7 Steps to Take if Your Teenager is Using Drugs

    150 150 Red Mountain Colorado

    Talking to your teen about substance abuse can be a challenge for parents.

    Have you discovered bottles of alcohol or a bag of drugs in your teenager’s room? Maybe you’ve actually caught them drinking or getting high, or you’ve seen them hungover. Or perhaps, you just have a parent’s intuition and suspect that they’ve gotten mixed up with substance abuse.

    No matter how you’ve come to the conclusion that your teenager is using drugs, there’s a lot going through your mind. You don’t understand why your child is using drugs and you’re scared for what could happen to them if they continue down this path. The question now is, what do you do?

    Here are 7 steps you should take if you’ve discovered that your teenager is drinking or using drugs.

    7 Steps to Take if Your Teenager is Abusing Drugs

    1. Don’t Panic.

    As difficult as this is, it’s absolutely necessary that you not panic or overreact to your teen’s substance abuse. It’s natural for you to want to immediately confront your child and punish them, but this would only make your teen defensive, stressed out and tempted to drink or use again to try to cope with the shame, guilt and pain they’re probably feeling. If you suspect your teenager is using drugs, take deep breaths and remember that your child needs your help, not your criticism and discipline.

    2. Research Teenage Alcohol or Drug Use.

    It’s never easy to understand why your child turned to alcohol or drug abuse, and it isn’t like you can physically walk a mile in their shoes to find out. If your teenager is using drugs, turn to experts and other resources to learn about their substance abuse and the potential reasons why they may have fallen victim to addiction in the first place. This knowledge can help you get a better idea of your teenager’s thoughts, feelings and substance use.

    3. Gather Evidence.

    When you do finally talk to your teenager about their drug use, you should expect them to immediately deny the allegation. This is why you should have evidence ready to go to help support your argument. Show them empty beer bottles or drugs you found in their room, or point to other symptoms like decreased school performance, behavioral problems and drastic physical health changes. This evidence can help you move past the initial confrontation and focus on more productive conversations about why they have been using drugs and what you should do to get them help.

    4. Research Addiction in the Family.

    Is there a loved one who also struggles with addiction? Maybe there’s an entire history of alcohol or drug addiction in your family. Talking to family members and understanding your family’s medical history can help enlighten you on why your teenager may be suffering from substance abuse. Sharing this information with your teenager may also help ease their feelings of guilt and shame, as they’ll know they aren’t alone in their battle.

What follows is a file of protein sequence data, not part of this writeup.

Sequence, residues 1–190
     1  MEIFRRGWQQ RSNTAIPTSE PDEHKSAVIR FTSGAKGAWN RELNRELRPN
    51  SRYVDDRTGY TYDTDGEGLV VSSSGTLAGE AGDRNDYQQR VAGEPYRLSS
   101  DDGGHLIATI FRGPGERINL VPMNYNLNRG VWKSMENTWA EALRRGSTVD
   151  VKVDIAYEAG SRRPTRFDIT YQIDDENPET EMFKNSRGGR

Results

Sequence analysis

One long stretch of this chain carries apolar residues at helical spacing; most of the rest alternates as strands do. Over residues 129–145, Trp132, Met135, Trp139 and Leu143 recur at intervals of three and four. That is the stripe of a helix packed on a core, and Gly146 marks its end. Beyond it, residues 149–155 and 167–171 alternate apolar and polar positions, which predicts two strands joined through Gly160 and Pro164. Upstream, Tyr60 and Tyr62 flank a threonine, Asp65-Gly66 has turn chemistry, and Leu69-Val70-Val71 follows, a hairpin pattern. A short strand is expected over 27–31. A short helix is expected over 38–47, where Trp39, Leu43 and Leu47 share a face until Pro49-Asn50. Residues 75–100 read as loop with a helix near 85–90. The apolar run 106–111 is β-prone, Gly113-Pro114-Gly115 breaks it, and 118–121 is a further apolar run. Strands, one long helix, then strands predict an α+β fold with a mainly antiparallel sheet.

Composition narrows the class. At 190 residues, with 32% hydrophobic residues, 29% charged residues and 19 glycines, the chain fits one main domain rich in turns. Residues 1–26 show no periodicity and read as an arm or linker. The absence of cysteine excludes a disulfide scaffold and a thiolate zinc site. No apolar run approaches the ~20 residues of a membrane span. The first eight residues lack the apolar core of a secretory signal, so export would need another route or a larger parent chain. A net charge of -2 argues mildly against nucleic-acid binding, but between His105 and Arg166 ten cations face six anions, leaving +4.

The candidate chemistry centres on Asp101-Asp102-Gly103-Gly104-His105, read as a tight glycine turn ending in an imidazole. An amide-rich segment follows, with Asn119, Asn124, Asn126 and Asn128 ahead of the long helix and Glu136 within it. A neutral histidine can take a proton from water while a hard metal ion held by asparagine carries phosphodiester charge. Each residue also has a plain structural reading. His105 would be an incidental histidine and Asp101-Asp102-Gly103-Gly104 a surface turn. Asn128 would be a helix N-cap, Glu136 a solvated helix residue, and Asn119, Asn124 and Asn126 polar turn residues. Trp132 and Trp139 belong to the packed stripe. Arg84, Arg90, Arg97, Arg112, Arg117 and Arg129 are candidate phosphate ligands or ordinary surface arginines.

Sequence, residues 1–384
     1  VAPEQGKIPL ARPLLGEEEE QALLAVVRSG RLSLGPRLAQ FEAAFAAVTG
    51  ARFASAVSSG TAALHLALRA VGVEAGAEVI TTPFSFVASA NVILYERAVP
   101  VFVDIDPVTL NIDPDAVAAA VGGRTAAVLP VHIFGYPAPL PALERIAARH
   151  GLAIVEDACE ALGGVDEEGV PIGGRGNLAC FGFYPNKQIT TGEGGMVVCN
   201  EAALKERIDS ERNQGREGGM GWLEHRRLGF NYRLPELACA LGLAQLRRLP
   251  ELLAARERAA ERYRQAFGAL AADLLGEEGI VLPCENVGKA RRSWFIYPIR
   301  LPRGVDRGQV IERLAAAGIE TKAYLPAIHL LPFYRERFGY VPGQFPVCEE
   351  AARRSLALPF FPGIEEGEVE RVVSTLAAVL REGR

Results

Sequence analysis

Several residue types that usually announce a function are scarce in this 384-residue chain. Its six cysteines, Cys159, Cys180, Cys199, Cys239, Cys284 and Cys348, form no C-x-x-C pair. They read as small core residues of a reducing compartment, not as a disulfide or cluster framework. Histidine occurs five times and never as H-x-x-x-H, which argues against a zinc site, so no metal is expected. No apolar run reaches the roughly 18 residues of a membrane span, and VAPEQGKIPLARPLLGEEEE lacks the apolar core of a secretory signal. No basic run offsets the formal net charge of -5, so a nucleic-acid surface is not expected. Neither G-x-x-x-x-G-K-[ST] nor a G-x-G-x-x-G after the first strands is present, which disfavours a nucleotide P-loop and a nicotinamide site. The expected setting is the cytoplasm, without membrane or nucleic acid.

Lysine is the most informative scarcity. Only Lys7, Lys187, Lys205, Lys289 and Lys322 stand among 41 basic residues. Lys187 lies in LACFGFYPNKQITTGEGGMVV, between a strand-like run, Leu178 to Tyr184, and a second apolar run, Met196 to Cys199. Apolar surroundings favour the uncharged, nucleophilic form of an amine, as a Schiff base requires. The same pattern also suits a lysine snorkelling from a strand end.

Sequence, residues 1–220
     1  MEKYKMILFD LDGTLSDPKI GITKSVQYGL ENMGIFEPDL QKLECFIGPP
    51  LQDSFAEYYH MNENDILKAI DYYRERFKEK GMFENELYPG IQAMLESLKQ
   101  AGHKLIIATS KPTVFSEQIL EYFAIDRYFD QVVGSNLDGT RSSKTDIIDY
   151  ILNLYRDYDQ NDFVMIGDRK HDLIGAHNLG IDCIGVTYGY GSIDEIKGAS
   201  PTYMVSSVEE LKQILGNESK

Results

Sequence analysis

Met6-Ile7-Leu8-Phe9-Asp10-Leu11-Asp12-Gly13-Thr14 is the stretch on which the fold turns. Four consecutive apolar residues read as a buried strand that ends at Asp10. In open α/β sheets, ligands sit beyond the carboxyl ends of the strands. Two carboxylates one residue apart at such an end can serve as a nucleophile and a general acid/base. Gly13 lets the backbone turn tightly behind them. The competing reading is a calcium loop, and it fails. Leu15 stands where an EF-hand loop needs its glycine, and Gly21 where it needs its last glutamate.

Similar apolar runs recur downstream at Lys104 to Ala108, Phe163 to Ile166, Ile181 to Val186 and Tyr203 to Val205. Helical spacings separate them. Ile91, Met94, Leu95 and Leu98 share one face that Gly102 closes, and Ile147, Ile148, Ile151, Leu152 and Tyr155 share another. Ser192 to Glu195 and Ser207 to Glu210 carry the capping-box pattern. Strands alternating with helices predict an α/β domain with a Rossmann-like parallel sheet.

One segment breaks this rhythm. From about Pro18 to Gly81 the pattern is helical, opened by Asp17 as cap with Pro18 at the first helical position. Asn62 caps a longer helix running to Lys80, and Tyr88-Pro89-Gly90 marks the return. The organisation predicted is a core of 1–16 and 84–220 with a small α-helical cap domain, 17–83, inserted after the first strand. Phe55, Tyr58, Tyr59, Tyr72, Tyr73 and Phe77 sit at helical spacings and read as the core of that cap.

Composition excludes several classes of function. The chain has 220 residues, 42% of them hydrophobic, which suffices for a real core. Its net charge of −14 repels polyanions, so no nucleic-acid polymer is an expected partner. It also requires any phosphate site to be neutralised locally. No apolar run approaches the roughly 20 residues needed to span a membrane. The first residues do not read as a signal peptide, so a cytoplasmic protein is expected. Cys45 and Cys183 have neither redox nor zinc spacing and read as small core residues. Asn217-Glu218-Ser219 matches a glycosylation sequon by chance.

5. Talk to Your Teenager.

    Once you have enough background information, research and evidence, it’s time to talk to your teenager. It’s important that you approach the conversation calmly and try to catch them during a time when they’re sober and unlikely to be in a combative mood. Expect your child to get upset or even angry during the conversation, but do your best to stay calm and not judge them. Ask them questions about their drug use, share your concerns and let them know that you just want to help them recover and not have to resort to alcohol or drugs to feel good. The more you can empathize with your teenager, the more likely your conversation about their drug use will be successful.

    6. See a Doctor with Your Child.

    If you’ve successfully talked with your teenager about their drug use, schedule an appointment with their doctor. A doctor can evaluate their physical and mental health and give you recommendations for treatment programs or what you should do next. Your child’s doctor is also another resource your teenager can turn to if they don’t feel as comfortable opening up to you about their struggles.

    7. Enroll Your Teenager in a Treatment Center.

    Finally, you’ll need to enroll your teenager in an addiction treatment program that can get to the bottom of their addiction and help them recover from substance abuse. Treatment centers like Red Mountain Colorado also specialize in mental health and trauma. In many cases, teenagers turn to drugs because they have suffered some sort of trauma or are struggling with depression, anxiety or ADHD.

    Hope is Waiting at Red Mountain Colorado

    At Red Mountain Colorado, we take a trauma-specific and meditation-focused approach to addiction and dual diagnosis treatment. This means that your teenager will heal from any trauma they’re suffering from, learn new ways to manage stress and mental health challenges, overcome negative thoughts, feelings and impulsivity, and learn how to live life without alcohol or drugs again.

    Contact the Red Mountain Colorado team today to learn more about our treatment approach and how to get your teenager started. Hope is waiting, so talk to our admissions team to get started.



    All stories by: RMS_Colorado